U.S. stocks rose on Friday, as investors displayed a little risk appetite, thinking a new page in the calendar might push the market past the issues that drove it down earlier in the week.
The Dow Jones Industrial Average—which snapped a five-quarter winning streak Thursday—rose 482.54 points, or 1.4%, to 34326.46. The S&P 500 rose 49.50 points, or 1.1%, to 4357.04 after the broad stocks index closed out its biggest monthly loss since March last year. The technology-focused Nasdaq Composite Index rose 118.12 points, or 0.8%, to 14566.70.
For the week, the S&P 500 lost 2.2%, and the Nasdaq fell 3.2%, their largest drops since the week ended Feb. 26, 2021. The Dow lost 1.4%, its largest drop since the week ended Sept. 10.
Equities started the session lower, but turned midday. That move combined with other “risk-on” trades like a sharp rally in the cryptocurrency bitcoin gave some investors the gumption to wade back into the market, said Frank Cappelleri, the executive director of brokerage Instinet.
“All of that probably made some traders realize it wasn’t a complete risk-off event,” he said.
Although many investors expect stocks to keep rising, a bevy of factors has prompted them to anticipate slower gains and more persistent volatility. The Federal Reserve and other global central banks have tilted in recent weeks toward reining in pandemic-era stimulus measures.
On the economic front, U.S. consumer spending rose 0.8% in August, the Commerce Department said. The pickup signals the U.S. economic recovery is gaining steam heading into autumn, though some analysts warned the gains might be more reflective of inflation than actual consumer activity.
Investors are still contending with lingering worries over property giant
China Evergrande Group
and whether Congress can resolve its battles over U.S. spending plans. House Democrats delayed plans to vote on a roughly $1 trillion infrastructure bill Thursday, as they came up short on reaching an agreement around a separate social policy and climate package.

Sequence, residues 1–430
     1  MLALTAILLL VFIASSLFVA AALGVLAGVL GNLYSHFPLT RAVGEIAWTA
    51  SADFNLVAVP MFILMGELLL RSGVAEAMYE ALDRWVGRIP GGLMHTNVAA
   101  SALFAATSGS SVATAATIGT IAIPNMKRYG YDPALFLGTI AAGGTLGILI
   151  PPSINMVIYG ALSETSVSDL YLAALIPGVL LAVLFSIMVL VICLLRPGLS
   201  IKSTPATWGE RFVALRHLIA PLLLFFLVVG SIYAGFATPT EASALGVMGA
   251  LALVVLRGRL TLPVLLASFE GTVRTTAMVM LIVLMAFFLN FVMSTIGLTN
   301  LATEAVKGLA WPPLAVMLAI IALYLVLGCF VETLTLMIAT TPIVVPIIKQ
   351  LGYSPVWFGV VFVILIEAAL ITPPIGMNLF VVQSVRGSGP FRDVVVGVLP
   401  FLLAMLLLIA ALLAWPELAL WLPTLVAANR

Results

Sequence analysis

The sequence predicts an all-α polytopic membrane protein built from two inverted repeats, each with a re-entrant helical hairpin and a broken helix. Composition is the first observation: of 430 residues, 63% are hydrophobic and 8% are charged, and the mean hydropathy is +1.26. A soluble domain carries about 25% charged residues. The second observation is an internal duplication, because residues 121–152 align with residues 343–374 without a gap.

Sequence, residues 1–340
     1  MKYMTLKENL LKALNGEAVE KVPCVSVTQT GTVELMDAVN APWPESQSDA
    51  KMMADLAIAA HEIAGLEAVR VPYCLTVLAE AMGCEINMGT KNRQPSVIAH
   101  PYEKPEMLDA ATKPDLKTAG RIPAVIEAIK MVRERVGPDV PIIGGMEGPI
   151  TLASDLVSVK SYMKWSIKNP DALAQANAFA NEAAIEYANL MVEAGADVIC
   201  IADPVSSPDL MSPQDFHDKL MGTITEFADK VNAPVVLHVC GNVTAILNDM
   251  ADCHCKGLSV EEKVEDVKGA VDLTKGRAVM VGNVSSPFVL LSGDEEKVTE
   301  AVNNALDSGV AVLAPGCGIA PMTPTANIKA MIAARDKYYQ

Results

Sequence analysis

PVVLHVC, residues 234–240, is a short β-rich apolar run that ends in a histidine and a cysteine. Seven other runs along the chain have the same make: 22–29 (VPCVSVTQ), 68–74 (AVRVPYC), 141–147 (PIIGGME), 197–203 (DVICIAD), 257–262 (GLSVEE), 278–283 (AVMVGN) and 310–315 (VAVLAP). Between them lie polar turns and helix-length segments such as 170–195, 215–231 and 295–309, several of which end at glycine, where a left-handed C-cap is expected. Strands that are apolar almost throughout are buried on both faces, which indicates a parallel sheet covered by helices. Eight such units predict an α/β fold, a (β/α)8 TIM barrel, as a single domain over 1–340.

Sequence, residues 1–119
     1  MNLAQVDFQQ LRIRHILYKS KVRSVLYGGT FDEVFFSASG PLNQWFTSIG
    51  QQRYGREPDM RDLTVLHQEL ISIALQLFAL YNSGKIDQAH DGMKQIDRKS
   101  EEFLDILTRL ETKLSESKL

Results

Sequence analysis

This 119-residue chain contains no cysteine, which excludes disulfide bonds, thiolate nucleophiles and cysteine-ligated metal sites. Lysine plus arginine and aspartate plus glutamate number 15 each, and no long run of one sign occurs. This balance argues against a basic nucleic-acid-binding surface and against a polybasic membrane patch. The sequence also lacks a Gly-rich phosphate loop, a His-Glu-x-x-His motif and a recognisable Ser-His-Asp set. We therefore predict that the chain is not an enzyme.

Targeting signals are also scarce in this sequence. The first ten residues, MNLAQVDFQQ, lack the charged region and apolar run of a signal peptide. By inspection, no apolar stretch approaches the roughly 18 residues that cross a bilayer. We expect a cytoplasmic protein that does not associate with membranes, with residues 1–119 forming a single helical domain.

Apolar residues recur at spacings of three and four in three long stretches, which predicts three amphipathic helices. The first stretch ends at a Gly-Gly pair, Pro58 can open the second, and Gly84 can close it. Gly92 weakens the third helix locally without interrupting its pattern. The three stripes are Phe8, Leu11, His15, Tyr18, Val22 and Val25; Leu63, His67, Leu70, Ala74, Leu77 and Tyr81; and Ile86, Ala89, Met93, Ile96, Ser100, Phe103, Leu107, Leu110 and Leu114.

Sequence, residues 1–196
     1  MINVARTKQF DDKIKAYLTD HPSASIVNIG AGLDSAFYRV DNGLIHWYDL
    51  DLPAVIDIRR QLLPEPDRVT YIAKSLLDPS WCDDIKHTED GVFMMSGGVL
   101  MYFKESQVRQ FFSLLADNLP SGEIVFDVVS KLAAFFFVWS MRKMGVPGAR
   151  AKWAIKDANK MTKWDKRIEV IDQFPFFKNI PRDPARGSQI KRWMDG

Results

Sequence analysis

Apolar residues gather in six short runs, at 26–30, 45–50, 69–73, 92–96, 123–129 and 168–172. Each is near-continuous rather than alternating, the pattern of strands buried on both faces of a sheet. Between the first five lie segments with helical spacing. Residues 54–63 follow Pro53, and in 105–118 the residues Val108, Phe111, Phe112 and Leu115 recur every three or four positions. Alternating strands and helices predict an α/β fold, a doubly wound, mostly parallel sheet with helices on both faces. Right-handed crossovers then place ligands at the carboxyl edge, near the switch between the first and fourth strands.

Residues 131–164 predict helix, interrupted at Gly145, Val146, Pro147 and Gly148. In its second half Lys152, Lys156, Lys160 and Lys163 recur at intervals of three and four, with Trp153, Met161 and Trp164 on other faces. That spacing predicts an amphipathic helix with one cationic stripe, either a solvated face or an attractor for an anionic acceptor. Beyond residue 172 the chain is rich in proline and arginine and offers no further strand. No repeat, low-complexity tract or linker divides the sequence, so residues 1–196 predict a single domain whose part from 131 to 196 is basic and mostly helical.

The uncertainty from all that pushed stocks down in September. Starting a new quarter does reset the board for investors to an extent, but the calendar can do only so much. “What’s really changed?” said Peter Cecchini, the director of research at Axonic Capital. The issues that have dogged the market recently aren’t going to just evaporate. Massive stimulus spending during the pandemic kept the economy afloat, but inflation, supply-chain disruptions and Covid haven’t disappeared, he said.
The key question now and into next year, he said, is how quickly those issues dissipate. “The tail risk from the virus is still around,” he said.
Surging prices for natural gas in Europe and Asia have raised concerns that the bout of inflation will last longer than many money managers had expected. Meantime, rising energy costs are expected to take a toll on growth in the world economy.
Oil prices turned higher along with equities. Futures for U.S. crude oil rose 1.1% on Friday to $75.88. Gas futures, though, fell. Dutch natural-gas futures—which have surged almost fivefold in 2021 and are the benchmark in European gas markets—fell 2.4% to 95.76 euros a megawatt-hour. That is equivalent to about $112 a megawatt-hour.
“The market’s focus has turned to the stagflation narrative with what’s been going on in natural gas,” said Daniel Morris, chief market strategist at BNP Paribas Asset Management. Mr. Morris expects the stock market to be choppy but keep posting modest gains.
In corporate news, Merck gained 8.4% to $81.40, after the drugmaker said an experimental Covid-19 pill helped prevent high-risk people early in the course of the disease from becoming seriously ill and dying. The stock saw its biggest percent increase since August 2016.
Theater chain and meme stock favorite
rose 1.1% to $38.46 after announcing the repurchase of debt securities that lowered its overall interest costs.
The combination of central bank tightening and rising prices has sent bond yields higher this week. On Friday, however, with equities rising, the yield on 10-year Treasury notes fell to 1.464% from 1.528% the day before. Yields move in the opposite direction to bond prices.
The WSJ Dollar Index, which measures the dollar’s strength against a basket of currencies, slipped 0.3% to 88.40, trimming recent gains that had pushed it near a one-year high. Bitcoin rose around 11% to about $48,110.
Overseas markets also retreated. The Stoxx Europe 600 dropped 0.4% to 452.90, led lower by shares of banks, oil-and-gas companies and basic-resources producers.
In Asia, Japan’s Nikkei 225 lost 2.3% to 28771.07 and South Korea’s Kospi fell 1.6% to 3019.18. Markets in Hong Kong and mainland China were closed for a holiday.
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